A significant fraction of patients with acute liver failure (ALF) suffer from a concomitant acute kidney injury (AKI), the mechanism of which is probably multifactorial. Cadmium (Cd) is a widespread environmental pollutant and a tubulotoxic metal that accumulates in the liver. We tested the hypothesis that a release of Cd during ALF may cause a redistribution of Cd from the liver to the kidneys and play a role in the occurrence of ALF-associated AKI.Methods
Twenty patients with ALF (ALF-patients), 20 patients from the ICU with no liver damage at admission (ICU-controls) and 20 healthy controls were recruited to compare the 24-h urinary excretion rate of Cd with that of lead (Pb), a nephrotoxic metal that does not accumulate in the liver, and zinc (Zn), a non-nephrotoxic element found in high amounts in the liver. The excretion rates of the low-molecular-weight proteins (LMWPs) were monitored.Results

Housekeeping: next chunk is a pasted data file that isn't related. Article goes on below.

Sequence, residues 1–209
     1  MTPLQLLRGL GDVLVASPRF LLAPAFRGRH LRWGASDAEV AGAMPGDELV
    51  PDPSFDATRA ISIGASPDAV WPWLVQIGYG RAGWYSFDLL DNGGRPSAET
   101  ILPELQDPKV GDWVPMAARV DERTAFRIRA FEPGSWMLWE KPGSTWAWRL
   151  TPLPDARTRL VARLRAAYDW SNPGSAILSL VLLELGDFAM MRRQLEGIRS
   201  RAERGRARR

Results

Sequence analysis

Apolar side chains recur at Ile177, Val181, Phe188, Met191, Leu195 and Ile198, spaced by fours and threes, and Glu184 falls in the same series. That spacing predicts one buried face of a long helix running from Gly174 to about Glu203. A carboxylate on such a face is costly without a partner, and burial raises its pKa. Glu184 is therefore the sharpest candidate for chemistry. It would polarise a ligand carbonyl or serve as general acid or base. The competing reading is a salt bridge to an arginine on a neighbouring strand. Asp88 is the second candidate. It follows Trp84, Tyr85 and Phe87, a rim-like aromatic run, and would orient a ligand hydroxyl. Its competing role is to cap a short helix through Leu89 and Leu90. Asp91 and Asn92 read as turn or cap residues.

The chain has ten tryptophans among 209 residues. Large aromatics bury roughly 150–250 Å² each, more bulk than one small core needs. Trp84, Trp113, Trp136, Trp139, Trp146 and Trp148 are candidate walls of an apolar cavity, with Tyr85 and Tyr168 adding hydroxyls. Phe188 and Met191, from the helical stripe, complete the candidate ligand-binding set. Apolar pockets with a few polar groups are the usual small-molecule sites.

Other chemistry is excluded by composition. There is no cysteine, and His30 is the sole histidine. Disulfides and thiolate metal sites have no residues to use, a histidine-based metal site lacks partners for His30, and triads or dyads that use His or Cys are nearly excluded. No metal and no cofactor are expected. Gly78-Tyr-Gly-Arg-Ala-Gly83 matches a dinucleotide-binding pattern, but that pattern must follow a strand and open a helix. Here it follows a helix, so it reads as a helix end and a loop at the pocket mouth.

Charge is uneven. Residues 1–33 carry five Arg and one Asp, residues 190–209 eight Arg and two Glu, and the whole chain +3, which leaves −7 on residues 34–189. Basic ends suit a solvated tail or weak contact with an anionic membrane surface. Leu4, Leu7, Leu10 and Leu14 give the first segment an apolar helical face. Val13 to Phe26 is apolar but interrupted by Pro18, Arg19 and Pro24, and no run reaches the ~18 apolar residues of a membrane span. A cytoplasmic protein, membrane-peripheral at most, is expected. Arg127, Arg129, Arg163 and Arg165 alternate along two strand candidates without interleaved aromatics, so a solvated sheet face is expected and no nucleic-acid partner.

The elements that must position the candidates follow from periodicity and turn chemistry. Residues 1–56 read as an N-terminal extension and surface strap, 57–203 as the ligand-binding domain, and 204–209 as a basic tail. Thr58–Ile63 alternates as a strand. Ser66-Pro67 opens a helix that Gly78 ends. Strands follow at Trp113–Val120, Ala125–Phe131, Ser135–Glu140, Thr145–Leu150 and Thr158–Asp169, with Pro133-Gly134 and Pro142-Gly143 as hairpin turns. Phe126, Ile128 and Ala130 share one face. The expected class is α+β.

ALF-patients excreted markedly more Cd than the healthy controls and ICU-controls. In ALF-patients, the four urinary LMWPs (RBP, β2-MG, CC16 and α1-MG) increased as a function of Cd excretion, with high correlation coefficients. The prevalence of patients excreting a high amount of LMWPs also increased with increasing Cd excretion. No relationship was found between the other elements investigated and the LMWPs, with the exception of copper, which shares close toxicokinetic similarities with Cd.Conclusions
This study shows a strong association between urinary Cd levels and the excretion rates of LMWPs in patients with ALF. A causal relationship is possible but could not be fully demonstrated in this study.